The caplock was in wide use for almost five decades until the widespread introduction of the self-contained cartridge which contained the projectile, gunpowder, and percussion cap all in a single shell that could be easily loaded from the breech of a firearm.[5] The introduction of such a technology led to the implementation of the firing pin and hammer system that is even now still used in certain designs. Whereas the percussion cap in the caplock mechanism was external, the percussion cap in a self-contained cartridge is inside the breech. It is therefore necessary to use a firing pin (a thin rod) to strike the primer through a small penetration in the breech and cause firing.[6]

A Colt Single Action Army at half-cock, showing the external hammer and integral firing pin typical of many revolvers.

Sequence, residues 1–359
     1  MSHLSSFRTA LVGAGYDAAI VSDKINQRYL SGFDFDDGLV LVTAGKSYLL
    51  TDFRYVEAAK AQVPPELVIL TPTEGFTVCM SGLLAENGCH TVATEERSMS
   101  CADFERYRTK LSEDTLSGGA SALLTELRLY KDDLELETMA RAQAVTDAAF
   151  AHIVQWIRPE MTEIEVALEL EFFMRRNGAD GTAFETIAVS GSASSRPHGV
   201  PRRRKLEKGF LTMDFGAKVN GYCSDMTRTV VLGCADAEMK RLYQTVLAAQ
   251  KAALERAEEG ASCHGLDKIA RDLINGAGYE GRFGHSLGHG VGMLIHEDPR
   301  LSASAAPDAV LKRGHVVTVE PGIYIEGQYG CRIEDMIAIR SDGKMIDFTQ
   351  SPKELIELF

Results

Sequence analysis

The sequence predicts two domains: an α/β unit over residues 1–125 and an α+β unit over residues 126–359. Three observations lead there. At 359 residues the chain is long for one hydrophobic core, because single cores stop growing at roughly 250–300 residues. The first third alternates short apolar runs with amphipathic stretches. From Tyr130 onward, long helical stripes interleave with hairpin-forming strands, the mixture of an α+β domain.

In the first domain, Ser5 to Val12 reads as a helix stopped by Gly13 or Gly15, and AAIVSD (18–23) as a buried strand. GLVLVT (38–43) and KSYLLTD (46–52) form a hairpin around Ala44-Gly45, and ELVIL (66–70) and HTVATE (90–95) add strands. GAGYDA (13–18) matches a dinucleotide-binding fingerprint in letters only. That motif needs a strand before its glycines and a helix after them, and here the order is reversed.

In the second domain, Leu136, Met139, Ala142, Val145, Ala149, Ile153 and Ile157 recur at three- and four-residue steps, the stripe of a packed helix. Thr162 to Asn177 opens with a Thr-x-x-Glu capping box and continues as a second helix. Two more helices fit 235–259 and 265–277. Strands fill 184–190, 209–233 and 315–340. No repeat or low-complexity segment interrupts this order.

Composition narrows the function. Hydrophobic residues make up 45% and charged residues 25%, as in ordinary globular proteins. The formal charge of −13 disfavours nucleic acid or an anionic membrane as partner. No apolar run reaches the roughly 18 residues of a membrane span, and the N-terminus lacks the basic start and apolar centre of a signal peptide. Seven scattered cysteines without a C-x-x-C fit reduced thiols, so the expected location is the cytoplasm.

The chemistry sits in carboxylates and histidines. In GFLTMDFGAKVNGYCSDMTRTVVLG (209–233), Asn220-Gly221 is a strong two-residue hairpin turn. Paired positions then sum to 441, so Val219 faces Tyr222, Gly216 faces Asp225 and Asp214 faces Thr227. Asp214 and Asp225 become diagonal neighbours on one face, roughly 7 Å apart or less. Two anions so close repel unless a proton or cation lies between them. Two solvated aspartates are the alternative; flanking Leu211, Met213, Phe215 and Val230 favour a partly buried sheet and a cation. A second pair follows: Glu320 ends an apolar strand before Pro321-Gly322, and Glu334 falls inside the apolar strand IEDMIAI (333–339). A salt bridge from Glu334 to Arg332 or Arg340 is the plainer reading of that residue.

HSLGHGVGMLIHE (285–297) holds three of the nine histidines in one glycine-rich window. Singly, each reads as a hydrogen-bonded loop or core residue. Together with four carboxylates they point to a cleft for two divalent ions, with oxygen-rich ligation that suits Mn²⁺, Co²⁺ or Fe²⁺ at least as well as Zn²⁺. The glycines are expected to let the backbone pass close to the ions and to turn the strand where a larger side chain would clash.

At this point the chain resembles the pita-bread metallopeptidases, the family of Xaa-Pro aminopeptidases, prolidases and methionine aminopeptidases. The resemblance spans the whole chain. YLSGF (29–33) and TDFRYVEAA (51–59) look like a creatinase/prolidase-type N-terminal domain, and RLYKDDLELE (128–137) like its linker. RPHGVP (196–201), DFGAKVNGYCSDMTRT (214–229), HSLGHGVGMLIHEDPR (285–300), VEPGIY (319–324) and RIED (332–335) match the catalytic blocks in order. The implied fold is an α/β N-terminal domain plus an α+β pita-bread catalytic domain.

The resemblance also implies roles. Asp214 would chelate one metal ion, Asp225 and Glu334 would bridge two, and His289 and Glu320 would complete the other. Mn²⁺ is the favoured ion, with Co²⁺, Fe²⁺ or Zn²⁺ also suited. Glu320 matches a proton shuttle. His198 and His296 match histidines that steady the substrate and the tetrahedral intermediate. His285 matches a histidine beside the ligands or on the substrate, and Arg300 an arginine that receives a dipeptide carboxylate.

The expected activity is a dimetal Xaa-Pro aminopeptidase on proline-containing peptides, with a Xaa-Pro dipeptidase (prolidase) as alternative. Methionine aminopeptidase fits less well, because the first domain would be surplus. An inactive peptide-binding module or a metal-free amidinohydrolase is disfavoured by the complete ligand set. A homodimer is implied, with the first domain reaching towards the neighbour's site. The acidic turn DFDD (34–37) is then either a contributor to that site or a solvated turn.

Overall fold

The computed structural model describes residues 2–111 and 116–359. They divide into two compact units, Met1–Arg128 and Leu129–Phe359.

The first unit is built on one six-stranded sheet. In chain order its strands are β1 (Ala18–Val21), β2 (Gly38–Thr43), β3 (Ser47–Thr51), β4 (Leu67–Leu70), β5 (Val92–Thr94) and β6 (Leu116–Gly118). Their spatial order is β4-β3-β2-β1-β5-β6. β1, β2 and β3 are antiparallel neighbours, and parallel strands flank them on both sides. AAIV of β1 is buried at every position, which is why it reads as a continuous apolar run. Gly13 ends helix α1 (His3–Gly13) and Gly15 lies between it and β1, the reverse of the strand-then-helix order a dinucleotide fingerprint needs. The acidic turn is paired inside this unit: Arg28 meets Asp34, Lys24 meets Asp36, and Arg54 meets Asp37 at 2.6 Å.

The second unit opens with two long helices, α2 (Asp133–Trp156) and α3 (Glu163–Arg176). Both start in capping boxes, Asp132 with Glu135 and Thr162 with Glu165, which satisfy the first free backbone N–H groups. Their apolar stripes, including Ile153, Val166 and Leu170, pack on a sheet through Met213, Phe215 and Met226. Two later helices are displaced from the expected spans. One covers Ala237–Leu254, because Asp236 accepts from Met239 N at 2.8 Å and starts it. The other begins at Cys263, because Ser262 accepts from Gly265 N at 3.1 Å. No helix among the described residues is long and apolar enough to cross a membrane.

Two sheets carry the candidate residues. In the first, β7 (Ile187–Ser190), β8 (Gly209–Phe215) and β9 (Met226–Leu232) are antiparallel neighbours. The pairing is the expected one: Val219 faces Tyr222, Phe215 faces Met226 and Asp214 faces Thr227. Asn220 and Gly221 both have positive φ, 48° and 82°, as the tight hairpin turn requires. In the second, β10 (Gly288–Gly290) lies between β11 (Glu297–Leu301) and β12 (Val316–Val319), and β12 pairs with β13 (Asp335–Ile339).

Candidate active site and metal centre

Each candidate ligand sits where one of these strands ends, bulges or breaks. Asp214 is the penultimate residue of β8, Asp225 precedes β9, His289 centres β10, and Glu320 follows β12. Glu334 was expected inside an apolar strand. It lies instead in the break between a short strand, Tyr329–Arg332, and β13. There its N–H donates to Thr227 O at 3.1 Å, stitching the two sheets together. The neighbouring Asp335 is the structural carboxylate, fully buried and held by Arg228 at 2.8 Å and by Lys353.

A Marlin Model 1894 rifle. The hammer and firing pin are separate components.
The M16 rifle uses an internal hammer.

An external hammer is one that can be accessed by the operator during use. This allows the hammer to be manually cocked or eased (uncocked) without firing. The hammer is designed with a spur (extension) to facilitate manual operation. An internal hammer cannot be accessed manually during operation. Pistols and shotguns in particular, which have an internal hammer may be referred to as being hammerless.[7]

A striker is a type of firing pin operated by the direct action of a spring rather than by a hammer striking the firing pin. Striker-operated firearms lack a hammer.

Drawbacks

There are some notable drawbacks to the external hammer system compared to other modern, internal designs. In single-action revolvers, specifically, there is an ever-present danger of accidentally discharging the weapon if the hammer is struck with a shell loaded in the chamber.[8] There is nothing to prevent the hammer from contacting the firing pin and by default the cartridge, in some models, and so the gun will be discharged unintentionally.

An external hammer that could easily catch on clothing